The Feel: Thai silk is often a slightly scratchy, somewhat stiff, sturdy fabric. Generally it is not soft and lightweight (but there are always exceptions depending on how the silk was finished or washed.) That’s why it is so important that you go to high-priced, dressmakers or credible fabric stores so you can touch and feel authentic Thai silk. Thai silk will soften with washing, but new Thai silk should feel like the rough-tough fabric it is. I have run my fingers over myriad pieces of Thai silk over the years, and I can tell within seconds if the fabric is authentic.
The Weave: Thai silk is handwoven. Therefore, imperfections will exist in the weave. Only mechanical looms can crank out a flawless weave. Even The Kingdom’s best weavers can’t produce a flawless weave for a variety of reasons.
Study the fabric very closely. Hold it up to your eye or bend over for a closer look. Try to find small imperfections in the weave or pattern. When you spot a small imperfection, that’s a good thing. It means you’re looking at handwoven silk.
Beware: Mechanical looms can be and are programmed to produce “flaws” and mimic the texture of handwoven fabrics.
Slubbing: Slubbing can differentiate authentic Thai silk from a counterfeit faster than anything else. Slubbing occurs with fabric that has been handwoven from a silk yarn that varies in thickness. The plying (intertwining) of two or more silk threads into a silk yarn exacerbates slubbing. Thai silk is such a fabric and is often made from multi-plied silk yarns.
As a weaver creates her fabric, she almost always looms with inconsistent yarns that produce the slub. A slub looks like a knot of thread and they can be large or very small. Or it can appear as a bulging of thread across a weave-line of the fabric.
Slubbing can give the handwoven fabric great character. I have many times chosen a heavily slubbed bolt over another because I preferred the character of the slubbing. And remember, dupioni Thai silk is deliberately slubbed which gives it its famous texture.
If you don’t find slubs, you probably don’t have authentic Thai silk. The fabric may well be silk, but it is not handwoven. Slubbing can be very small on the finer pieces, so study your fabric carefully.
Only Royal Silk, silk fit for The Queen, may appear to not have slubs because the weaver will use the highest grade silk yarns which may produce little to no slubs. But no common store would possess Royal Silk and if they did, they certainly wouldn’t show it to you and let you touch it.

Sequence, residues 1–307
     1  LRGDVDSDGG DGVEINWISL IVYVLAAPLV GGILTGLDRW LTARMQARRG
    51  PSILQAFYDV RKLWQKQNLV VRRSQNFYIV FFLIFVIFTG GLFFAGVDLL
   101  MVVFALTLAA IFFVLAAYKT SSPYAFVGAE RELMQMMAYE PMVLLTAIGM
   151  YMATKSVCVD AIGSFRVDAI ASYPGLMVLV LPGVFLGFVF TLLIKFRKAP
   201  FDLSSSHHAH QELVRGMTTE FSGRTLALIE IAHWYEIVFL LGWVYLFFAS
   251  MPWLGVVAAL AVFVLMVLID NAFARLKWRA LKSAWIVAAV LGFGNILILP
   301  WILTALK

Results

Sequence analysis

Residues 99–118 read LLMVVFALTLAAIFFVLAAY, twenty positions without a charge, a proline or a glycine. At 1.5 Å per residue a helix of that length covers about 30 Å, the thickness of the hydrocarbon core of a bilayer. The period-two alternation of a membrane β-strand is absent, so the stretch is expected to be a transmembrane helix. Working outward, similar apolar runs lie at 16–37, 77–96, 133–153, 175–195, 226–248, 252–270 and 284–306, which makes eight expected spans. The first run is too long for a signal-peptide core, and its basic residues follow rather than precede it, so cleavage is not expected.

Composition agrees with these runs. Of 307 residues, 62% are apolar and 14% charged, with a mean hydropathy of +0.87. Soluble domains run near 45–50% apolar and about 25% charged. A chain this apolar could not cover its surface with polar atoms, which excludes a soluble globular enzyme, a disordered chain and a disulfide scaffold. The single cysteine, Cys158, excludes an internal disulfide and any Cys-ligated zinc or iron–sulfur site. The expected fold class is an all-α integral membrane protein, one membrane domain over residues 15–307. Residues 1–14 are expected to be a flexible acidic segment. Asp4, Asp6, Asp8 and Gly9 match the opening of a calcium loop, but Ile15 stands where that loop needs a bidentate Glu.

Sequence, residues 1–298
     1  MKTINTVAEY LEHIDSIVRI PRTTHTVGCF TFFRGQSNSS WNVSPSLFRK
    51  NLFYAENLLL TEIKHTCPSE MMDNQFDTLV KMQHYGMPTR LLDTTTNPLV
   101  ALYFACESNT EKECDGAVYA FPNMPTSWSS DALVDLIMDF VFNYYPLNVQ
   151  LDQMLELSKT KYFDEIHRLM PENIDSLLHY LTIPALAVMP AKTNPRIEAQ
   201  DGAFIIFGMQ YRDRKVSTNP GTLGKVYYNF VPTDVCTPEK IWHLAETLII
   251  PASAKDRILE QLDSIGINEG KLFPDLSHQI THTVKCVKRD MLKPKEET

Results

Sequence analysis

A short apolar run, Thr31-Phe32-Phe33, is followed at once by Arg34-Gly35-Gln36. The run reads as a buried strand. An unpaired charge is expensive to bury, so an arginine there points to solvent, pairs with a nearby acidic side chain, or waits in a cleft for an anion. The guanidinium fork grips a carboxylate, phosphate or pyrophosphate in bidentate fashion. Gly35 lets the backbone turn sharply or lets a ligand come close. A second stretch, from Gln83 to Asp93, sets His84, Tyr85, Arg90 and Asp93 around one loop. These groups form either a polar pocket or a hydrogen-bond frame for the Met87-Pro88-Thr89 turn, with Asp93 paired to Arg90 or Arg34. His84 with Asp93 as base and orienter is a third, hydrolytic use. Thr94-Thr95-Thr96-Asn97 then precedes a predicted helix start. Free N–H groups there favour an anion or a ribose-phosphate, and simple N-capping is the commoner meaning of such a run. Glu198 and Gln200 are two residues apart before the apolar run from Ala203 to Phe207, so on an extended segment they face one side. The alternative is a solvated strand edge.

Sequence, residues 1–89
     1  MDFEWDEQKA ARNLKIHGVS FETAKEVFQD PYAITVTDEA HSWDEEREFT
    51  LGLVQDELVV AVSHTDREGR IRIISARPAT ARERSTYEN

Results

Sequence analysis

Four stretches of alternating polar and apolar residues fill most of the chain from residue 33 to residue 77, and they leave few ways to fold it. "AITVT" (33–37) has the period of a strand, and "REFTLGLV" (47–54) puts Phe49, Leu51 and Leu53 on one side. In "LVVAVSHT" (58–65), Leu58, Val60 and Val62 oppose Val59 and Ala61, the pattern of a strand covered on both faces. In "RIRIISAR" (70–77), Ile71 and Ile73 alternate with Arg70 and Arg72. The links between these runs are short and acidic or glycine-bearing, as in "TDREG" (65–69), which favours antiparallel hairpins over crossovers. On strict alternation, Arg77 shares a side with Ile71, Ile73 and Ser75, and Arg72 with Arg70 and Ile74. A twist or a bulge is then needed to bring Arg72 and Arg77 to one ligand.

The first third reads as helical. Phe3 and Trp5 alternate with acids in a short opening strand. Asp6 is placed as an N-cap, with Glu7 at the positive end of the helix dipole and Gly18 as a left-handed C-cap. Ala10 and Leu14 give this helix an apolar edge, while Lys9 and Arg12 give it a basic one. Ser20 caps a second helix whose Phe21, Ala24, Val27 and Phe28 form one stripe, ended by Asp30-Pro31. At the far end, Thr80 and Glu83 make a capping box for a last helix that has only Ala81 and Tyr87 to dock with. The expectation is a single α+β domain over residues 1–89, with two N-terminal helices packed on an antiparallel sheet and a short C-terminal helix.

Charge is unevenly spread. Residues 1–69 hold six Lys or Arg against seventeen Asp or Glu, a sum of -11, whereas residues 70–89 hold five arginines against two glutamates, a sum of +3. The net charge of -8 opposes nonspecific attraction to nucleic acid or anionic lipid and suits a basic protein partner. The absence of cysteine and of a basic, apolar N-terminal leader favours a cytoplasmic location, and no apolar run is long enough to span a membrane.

Beware: Mechanical looms can easily programmed to produce fabric with slubs.
The Edges: Handwoven fabrics have rough, uneven edges of the bolt. Mechanical looms produce fabric edges that are smooth and clean. Always look to the edges of the fabric and make sure they’re rough and uneven. Also, the edges of handwoven fabrics is an area that it’s often the easiest to see slubbing.
A few words about the width of a bolt of Thai silk: Almost all Thai Silk will come in a bolt that was woven approximately 34-40 inches in diameter. It very rarely will exceed that dimension, because very few wooden looms can weave greater than that. Of course if you’re buying scarves or shawls, the weaver obviously used a much narrower fabric format.
The Shimmer: A famous attribute of Thai silk is that it shimmers when you hold it up to a light and undulate the fabric. The reason is simple. In weaving Thai silk, a different colored silk yarn is sometimes used for the horizontal and vertical yarns. (AKA-the wend and warp yarns) This is what produces the shimmering effect.
Many Thai silk fabrics will shimmer; but many won’t as the weaver chose to use the same color wend and warp yarns. A general rule is that solid color Thai silk should shimmer, but patterned Thai silk may not. Mudmee Thai silk (more on this type of silk later) often does not shimmer.
Beware: The easiest trick in fabric counterfeits is to make the fabric shimmer. It’s quite simple to have a mechanical loom weave with a different color yarn for the wend/warp. It’s an old tourist market trick to tell a gullible customer a fabric must be Thai silk because it shimmers and then undulate the fabric in front of the tourist’s face.
The Totality of Indicia: Other than the golden rule of knowing your seller, no single indicia is proof positive you are buying authentic, handwoven Thai silk. It’s a combination of all the above indicia that’s important.
What makes one bolt of Thai silk better than another bolt, other than the sheer preference of the buyer?
The Quality of the Weave. The quality of the weave is the most important attribute. Obviously, handwoven fabrics are only as good as the weaver that produced them. There are expert weavers, journey-woman weavers, novice weavers and just plain old bad weavers.